Initial Alpha-Fetoprotein Response Predicts Prognosis in Hepatitis B-related Solitary HCC Patients After Radiofrequency Ablation
Radiofrequency ablation (RFA) is effective for early-stage hepatocellular carcinoma but recurrence is problem.Goals:
To identify prognostic factors including alpha-fetoprotein (AFP) for overall survival and intrahepatic recurrence after RFA.Patients and Methods:
Not only naïve but also previously treated patients with solitary hepatitis B virus-related hepatocellular carcinoma <5 cm were prospectively enrolled and a ≥50% decrease from baseline to 1 month after RFA was defined as an initial AFP response. Tumor responses were assessed by the modified response evaluation criteria in solid tumors.Results:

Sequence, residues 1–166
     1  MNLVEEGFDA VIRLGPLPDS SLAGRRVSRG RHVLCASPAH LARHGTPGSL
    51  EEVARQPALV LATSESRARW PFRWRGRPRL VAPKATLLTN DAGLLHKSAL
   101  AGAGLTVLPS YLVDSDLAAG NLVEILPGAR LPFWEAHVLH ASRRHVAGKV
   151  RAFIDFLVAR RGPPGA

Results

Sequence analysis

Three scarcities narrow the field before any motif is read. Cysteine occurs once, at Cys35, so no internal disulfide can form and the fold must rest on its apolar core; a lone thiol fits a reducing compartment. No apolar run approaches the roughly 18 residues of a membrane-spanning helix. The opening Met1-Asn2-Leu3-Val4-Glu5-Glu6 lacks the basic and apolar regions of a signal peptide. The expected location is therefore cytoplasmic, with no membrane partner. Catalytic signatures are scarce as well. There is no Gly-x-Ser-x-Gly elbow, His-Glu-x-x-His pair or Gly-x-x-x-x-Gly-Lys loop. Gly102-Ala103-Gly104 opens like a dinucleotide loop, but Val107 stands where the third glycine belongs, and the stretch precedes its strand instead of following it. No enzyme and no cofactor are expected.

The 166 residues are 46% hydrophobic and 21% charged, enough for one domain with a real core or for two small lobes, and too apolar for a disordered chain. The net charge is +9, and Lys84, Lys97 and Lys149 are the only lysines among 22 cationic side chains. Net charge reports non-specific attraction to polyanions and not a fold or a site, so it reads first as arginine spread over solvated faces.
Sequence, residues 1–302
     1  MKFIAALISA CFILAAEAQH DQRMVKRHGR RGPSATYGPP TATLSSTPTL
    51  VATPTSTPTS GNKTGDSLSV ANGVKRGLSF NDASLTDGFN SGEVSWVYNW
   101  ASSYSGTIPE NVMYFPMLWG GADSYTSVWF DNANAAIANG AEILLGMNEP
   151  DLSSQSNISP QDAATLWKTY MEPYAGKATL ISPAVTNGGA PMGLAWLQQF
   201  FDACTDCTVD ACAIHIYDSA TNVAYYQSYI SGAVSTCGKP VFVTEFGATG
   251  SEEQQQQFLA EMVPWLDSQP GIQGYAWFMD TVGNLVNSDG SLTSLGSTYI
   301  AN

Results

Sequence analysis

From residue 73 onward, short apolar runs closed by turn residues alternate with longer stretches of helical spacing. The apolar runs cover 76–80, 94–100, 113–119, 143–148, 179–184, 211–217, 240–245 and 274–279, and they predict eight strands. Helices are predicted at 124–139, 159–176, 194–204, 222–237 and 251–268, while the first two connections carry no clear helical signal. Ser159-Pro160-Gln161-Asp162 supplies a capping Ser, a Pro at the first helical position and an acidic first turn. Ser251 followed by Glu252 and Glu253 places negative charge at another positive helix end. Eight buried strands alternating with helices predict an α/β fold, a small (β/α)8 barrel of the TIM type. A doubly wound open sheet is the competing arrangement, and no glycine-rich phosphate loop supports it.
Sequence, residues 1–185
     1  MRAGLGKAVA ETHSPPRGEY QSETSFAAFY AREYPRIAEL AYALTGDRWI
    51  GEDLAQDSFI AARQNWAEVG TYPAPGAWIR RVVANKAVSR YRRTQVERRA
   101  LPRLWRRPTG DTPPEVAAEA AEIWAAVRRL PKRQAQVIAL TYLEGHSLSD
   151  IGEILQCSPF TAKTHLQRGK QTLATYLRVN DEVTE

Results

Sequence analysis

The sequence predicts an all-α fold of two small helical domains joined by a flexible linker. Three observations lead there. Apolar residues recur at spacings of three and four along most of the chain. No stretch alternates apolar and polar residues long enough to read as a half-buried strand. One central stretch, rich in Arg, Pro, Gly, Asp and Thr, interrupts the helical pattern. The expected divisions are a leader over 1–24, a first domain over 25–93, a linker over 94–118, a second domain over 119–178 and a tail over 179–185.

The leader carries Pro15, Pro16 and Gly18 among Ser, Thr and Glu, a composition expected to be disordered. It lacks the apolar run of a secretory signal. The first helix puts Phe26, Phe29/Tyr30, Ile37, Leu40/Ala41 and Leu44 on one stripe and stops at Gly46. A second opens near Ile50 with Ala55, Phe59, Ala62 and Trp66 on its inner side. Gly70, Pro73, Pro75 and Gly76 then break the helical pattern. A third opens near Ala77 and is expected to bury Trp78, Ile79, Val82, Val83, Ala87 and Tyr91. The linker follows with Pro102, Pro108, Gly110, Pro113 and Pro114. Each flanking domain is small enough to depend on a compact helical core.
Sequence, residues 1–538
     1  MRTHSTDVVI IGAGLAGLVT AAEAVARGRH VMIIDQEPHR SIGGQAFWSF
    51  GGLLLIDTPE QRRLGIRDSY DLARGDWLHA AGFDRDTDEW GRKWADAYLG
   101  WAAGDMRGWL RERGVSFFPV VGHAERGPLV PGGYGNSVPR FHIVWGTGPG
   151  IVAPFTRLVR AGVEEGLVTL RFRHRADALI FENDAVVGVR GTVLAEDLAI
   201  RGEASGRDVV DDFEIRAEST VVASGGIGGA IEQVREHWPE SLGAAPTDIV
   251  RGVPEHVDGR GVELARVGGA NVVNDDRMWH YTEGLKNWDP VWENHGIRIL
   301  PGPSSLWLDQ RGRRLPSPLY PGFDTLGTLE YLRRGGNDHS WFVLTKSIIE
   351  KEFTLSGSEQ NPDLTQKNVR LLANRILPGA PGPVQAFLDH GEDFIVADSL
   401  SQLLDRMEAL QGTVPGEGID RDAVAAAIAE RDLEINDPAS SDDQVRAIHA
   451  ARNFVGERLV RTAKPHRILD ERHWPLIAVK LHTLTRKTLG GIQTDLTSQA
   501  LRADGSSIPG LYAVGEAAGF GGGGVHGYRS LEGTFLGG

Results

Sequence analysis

Among 255 patients, 156 patients (61.2%) developed intrahepatic recurrence. Radiologic progression occurred in 54.8% (86/157) in the AFP responders and 71.4% (70/98) in the AFP nonresponders. In multivariate analysis, a history of previous treatment [hazard ratio (HR), 2.037; P=0.015 for percutaneous ethanol injection vs. none; and HR, 2.642; P<0.001 for transarterial chemoembolization vs. none] and an initial AFP nonresponse (HR, 1.899; P<0.001) were independent predictors of accelerated progression after RFA. Moreover, those who had a history of previous treatment and did not achieve an initial AFP response had significantly unfavorable overall survival (HR, 3.581; P<0.001) and the increased risk of intrahepatic remote recurrence (HR, 5.385; P<0.001) compared with those with an initial AFP response and no history of previous treatment.Conclusions:
Biological response evaluation by the measurement of serial AFP levels is a useful predictor of overall survival and intrahepatic remote recurrence after RFA. Therefore, an initial AFP response may aid in determining the need of closer follow-up as a therapeutic response indicator of RFA.